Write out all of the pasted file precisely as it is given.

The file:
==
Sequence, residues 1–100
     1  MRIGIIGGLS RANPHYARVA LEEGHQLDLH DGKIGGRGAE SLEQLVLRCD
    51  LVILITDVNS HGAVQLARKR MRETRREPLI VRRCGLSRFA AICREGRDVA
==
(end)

Sequence, residues 1–100
     1  MRIGIIGGLS RANPHYARVA LEEGHQLDLH DGKIGGRGAE SLEQLVLRCD
    51  LVILITDVNS HGAVQLARKR MRETRREPLI VRRCGLSRFA AICREGRDVA